Britain's meteorological agency issued its first-ever extreme weather warning, forecasting that the mercury could climb to 33°C later this week.
The Met Office said the Amber Extreme Heat Warning covers all of Wales, all of southwest England and parts of southern and central England.
It will be in force until the end of Thursday.
The UK has been under heatwave conditions in recent days but temperatures will climb further this week, possibly reaching 33°C in some western parts, the Met Office said.
These "unusually high temperatures" as well as "continuing high nighttime temperatures" can have potential impacts for heath, it noted.
Public Health England (PHE) has meanwhile extended its Heat Health Alert to Thursday. It is currently at Level 3, which requires social and healthcare services to target specific actions for high-risk groups.
Dr Owen Landeg, Scientific and Technical lead at PHE stressed that "it is important to keep checking on those who are most vulnerable such as older people and those with heart and lung conditions."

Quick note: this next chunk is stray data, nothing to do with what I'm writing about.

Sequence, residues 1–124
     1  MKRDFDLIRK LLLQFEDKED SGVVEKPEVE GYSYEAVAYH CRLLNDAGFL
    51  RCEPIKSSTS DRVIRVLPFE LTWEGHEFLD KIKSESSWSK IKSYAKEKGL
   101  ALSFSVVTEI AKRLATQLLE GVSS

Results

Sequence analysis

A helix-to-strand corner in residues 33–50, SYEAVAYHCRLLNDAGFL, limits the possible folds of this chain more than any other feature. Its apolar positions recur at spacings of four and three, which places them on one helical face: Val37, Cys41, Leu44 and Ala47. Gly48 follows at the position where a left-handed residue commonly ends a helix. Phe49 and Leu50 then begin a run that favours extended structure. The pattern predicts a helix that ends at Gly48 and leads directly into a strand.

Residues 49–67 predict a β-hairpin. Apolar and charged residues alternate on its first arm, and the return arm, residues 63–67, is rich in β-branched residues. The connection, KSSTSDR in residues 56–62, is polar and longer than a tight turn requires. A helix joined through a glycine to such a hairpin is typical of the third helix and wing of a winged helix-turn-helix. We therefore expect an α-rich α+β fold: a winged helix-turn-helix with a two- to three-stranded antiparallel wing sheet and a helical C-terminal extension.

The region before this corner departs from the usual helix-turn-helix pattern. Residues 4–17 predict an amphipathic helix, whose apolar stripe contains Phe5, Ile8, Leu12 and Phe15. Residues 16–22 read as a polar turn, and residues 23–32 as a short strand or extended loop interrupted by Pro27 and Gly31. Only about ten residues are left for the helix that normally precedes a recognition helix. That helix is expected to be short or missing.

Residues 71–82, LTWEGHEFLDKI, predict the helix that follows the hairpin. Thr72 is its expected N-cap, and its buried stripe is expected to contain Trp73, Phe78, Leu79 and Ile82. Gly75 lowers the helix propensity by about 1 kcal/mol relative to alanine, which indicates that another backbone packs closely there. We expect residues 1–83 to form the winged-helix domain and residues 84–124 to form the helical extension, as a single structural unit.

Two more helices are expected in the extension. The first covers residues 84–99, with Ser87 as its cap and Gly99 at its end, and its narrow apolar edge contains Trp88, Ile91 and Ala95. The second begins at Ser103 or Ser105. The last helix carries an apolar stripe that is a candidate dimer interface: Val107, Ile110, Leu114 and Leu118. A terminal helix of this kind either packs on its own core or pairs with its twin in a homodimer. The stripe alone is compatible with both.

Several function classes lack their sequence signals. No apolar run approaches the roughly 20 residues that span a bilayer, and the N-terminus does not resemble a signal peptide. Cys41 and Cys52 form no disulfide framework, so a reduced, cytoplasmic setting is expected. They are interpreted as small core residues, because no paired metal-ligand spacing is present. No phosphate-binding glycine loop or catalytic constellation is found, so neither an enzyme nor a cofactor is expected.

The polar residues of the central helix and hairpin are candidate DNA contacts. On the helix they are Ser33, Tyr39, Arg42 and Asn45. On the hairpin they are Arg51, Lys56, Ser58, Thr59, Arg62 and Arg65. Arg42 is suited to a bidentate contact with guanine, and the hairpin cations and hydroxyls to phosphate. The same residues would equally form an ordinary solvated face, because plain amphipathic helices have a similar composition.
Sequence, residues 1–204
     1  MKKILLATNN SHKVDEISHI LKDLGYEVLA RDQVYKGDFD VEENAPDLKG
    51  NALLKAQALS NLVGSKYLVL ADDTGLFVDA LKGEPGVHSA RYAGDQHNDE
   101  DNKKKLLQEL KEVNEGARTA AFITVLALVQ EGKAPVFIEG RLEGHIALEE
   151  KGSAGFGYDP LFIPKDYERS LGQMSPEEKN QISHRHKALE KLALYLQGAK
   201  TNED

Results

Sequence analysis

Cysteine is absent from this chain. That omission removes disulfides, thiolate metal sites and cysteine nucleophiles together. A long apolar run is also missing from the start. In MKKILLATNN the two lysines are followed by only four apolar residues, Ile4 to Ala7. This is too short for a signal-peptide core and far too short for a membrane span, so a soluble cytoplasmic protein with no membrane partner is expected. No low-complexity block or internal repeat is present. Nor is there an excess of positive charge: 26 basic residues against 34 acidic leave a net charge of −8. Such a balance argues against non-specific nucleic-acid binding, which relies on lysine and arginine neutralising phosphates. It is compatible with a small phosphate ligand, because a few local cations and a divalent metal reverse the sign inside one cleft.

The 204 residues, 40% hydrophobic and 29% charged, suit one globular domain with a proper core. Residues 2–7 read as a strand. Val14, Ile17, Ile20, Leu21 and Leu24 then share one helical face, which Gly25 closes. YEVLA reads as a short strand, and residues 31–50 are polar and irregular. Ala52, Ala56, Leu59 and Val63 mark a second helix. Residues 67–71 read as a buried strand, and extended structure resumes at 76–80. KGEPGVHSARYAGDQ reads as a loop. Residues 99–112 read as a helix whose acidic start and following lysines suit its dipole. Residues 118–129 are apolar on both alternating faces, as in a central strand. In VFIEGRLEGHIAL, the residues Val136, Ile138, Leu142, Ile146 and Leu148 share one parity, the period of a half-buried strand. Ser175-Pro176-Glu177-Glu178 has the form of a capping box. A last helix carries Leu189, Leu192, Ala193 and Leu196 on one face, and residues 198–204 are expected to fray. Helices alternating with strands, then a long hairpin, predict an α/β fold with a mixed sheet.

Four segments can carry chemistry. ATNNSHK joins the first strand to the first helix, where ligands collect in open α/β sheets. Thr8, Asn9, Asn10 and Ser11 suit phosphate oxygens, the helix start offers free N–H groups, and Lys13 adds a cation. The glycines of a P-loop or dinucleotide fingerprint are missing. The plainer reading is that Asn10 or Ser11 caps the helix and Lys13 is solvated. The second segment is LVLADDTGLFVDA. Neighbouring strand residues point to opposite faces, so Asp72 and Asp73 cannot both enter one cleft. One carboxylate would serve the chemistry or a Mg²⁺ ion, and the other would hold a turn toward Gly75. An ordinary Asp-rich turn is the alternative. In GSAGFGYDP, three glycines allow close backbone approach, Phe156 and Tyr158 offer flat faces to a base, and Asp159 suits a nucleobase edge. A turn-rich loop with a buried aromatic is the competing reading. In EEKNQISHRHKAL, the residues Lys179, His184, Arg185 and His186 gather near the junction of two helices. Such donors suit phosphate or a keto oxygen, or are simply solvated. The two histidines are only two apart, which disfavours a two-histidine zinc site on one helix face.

"As we experience the first hot weather of the year, it's important for everyone to remember to adapt their behaviours. This is particularly important during the pandemic with so many people self-isolating," he added.
The Met Office created its extreme heat warning in June 2021 to inform the public of potential widespread disruption and adverse health effects.
It explained at the time that as a result of climate change, the UK is now much more likely to see prolonged spells of hot weather and that this can impact health and even cause death — more than 2,250 excess deaths were reported during heatwaves in the summer of 2020. But it can also negatively impact infrastructure, including transport and energy, as well as the wider business community.
The latest State of the UK climate report released in July 2020 highlighted that warm spells in the UK have doubled in length from an average of 5.3 days between 1961-1990 to over 13 days in the 2008-2017 period.
It also flagged that record-breaking temperatures observed in the 2018 summer season are now 30 times more likely than in pre-industrial times and that they could become the new normal by the 2050s because of climate change.
The World Meteorological Organisation, a United Nations' agency, said last week that "unusual planetary wavy patterns" this summer have brought "unprecedented heat, droughts, cold and wet conditions in various places."
Some parts of Western Europe have been battered by rain with up to two months of rainfall observed in just two days on soils that were already near saturation. This triggered devastating and deadly floods in Germany and Belgium where nearly 200 people have lost their lives.
Northern Europe, however, was sweltering under an extended heatwave. Finland also recorded its warmest June on record.